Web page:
Social Anthropology - MA

In our fast-changing world, humanity and society are facing momentous challenges. Anthropology, as the study of the human condition, focuses on the diversity of the relations between humans and the world. It is in a unique position to help us respond to these changes and challenges. Social Anthropology provides critically useful skills to navigate through the complexities and uncertainties of an increasingly interconnected yet fragmented world.


This advanced programme in social and cultural anthropology provides training in contemporary anthropological theory and methodology focusing on the understanding of the human condition and the challenges it faces today. It is designed to receive students with previous undergraduate training in the humanities or social sciences (such as history, sociology, geography), as well as students from biology, who wish to deepen their knowledge of human sociality. It provides in-depth generalist training in contemporary social anthropology in preparation either for a research degree or for entering professional fields where anthropological knowledge and methods constitute valuable assets.

Anthropology at Kent is shaping the discipline and making a contribution to our contemporary world.

Why Study With Us?

  • One-year intensive Master's programme with research training committed to practice-led theory taught by researchers who shape the discipline with their research and publications,
  • Hands-on training in qualitative methods of social research (including visual and digital methods) preparing you for future independent research,
  • A personal approach to study in small groups with plenty of time for discussion and engagement with a diversified group of teachers,
  • A wide choice of optional modules allowing for further specialisation in a broad range of areas of regional and thematic expertise, and a diversity of methodological approaches,
  • Active regional specialisations among staff include: Europe and the Middle East; Latin America and Amazonia; South and Southeast Asia and the Chinese speaking world,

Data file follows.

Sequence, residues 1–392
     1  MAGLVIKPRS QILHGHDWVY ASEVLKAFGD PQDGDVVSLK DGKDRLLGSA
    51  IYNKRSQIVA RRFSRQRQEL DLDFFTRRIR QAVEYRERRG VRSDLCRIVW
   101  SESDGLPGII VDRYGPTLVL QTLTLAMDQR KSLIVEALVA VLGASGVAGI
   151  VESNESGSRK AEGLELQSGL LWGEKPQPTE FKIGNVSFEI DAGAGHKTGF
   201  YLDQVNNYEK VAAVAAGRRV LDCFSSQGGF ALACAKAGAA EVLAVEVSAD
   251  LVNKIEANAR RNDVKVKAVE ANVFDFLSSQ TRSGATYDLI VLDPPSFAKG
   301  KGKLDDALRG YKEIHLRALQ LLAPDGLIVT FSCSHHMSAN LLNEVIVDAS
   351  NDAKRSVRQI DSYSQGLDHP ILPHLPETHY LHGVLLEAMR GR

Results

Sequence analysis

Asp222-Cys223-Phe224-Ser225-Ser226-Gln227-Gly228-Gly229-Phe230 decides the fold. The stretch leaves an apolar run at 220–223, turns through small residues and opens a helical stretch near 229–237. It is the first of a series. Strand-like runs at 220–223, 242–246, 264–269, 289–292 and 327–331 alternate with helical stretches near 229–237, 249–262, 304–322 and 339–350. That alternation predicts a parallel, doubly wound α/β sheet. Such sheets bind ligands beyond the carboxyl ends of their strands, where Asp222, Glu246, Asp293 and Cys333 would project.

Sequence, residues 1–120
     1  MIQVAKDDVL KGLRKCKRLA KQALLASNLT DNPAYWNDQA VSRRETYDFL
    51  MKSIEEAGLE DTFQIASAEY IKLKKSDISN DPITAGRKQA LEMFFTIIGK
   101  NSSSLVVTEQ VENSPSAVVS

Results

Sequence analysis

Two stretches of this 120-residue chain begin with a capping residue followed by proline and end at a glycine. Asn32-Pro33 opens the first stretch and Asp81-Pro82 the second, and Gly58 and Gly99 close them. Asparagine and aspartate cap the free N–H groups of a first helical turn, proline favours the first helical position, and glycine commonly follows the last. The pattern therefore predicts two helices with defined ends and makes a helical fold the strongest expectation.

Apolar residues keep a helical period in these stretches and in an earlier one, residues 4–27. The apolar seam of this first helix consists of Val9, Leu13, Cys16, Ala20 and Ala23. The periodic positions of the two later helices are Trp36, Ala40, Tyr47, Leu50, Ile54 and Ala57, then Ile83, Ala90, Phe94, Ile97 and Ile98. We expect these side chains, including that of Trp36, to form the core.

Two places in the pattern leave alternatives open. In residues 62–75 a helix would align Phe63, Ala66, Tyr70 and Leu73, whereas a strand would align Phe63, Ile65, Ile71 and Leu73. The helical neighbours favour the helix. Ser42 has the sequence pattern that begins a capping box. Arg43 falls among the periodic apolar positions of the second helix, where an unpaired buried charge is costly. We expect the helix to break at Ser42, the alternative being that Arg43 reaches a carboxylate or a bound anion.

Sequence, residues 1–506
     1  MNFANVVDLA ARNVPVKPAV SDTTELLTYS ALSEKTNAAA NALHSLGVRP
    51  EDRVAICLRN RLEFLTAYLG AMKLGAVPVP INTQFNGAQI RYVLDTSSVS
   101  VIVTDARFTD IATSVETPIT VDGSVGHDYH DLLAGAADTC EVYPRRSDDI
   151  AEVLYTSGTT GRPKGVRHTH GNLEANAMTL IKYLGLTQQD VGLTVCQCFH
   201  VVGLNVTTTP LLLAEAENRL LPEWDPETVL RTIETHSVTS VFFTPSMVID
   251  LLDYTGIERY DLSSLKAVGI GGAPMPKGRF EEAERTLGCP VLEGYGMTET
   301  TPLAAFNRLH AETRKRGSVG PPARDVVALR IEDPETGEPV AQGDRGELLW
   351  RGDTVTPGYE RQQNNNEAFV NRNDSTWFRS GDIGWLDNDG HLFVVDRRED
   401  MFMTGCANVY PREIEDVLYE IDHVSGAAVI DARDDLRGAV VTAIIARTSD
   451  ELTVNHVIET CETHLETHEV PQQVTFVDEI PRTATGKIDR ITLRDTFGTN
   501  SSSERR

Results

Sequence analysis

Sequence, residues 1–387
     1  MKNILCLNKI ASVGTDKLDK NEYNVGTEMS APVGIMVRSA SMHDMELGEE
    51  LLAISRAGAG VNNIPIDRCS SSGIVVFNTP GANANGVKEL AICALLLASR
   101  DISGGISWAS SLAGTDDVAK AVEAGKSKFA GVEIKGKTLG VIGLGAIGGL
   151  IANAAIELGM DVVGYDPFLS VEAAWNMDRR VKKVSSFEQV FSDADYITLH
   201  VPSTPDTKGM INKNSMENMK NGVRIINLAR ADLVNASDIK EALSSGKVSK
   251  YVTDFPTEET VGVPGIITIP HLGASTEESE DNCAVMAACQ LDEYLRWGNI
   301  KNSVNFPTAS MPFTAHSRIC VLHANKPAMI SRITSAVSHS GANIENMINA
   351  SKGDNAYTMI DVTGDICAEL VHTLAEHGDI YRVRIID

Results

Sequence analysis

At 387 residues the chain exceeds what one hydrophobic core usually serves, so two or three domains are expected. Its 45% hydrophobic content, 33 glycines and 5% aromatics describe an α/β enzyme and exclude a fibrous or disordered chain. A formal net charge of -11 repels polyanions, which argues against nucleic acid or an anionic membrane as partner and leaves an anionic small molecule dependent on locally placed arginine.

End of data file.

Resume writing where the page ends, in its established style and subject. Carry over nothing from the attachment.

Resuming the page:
• Opportunity to develop skills in visual anthropology through intensive training in the anthropological use of photography, film, video, and digitally assisted drawing,
  • Opportunity to join engaging and interactive field trips,
  • Participation in the activities of our Centre for Ethnographic Research: its seminars, courses, practical training workshops, and annual events.

Entry requirements

A good honours degree (2.1 or above) in anthropology or associated fields. In certain circumstances, we will consider students who have not followed a conventional education path. These cases are assessed individually by the Director of Graduate Studies and the programme convenor.

All applicants are considered on an individual basis and additional qualifications, professional qualifications and relevant experience may also be taken into account when considering applications. 

International students

Please see our International Student website for entry requirements by country and other relevant information. Due to visa restrictions, students who require a student visa to study cannot study part-time unless undertaking a distance or blended-learning programme with no on-campus provision.

English language entry requirements

The University requires all non-native speakers of English to reach a minimum standard of proficiency in written and spoken English before beginning a postgraduate degree. Certain subjects require a higher level.

For detailed information see our English language requirements web pages. 

Need help with English?

Please note that if you are required to meet an English language condition, we offer a number of pre-sessional courses in English for Academic Purposes through Kent International Pathways.


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Course structure

Duration: One year full-time, two years part-time


This programmes offers a high level of flexibility with four compulsory modules, a research project dissertation and four optional modules from those listed below, or from the range of School modules.

Please note that modules are subject to change. Please contact the School for more detailed information on availability.

Teaching and assessment

Assessment is by written reports, oral presentations and the dissertation.

Programme aims

This programme aims to:

  • provide you with a broad range of knowledge in the major sub-divisions of the discipline, showing how it is closely linked to other academic disciplines.
  • provide you with an advanced level knowledge of the theoretical and methodological issues relevant to understanding the discipline
  • introduce you to a variety of different approaches to social science research, presented in a multidisciplinary context and at an advanced level
  • facilitate your educational experience through the provision of appropriate pedagogical opportunities for learning
  • provide an appropriate training for students preparing MPhil/PhD theses, or for those going on to employment involving the use of social science research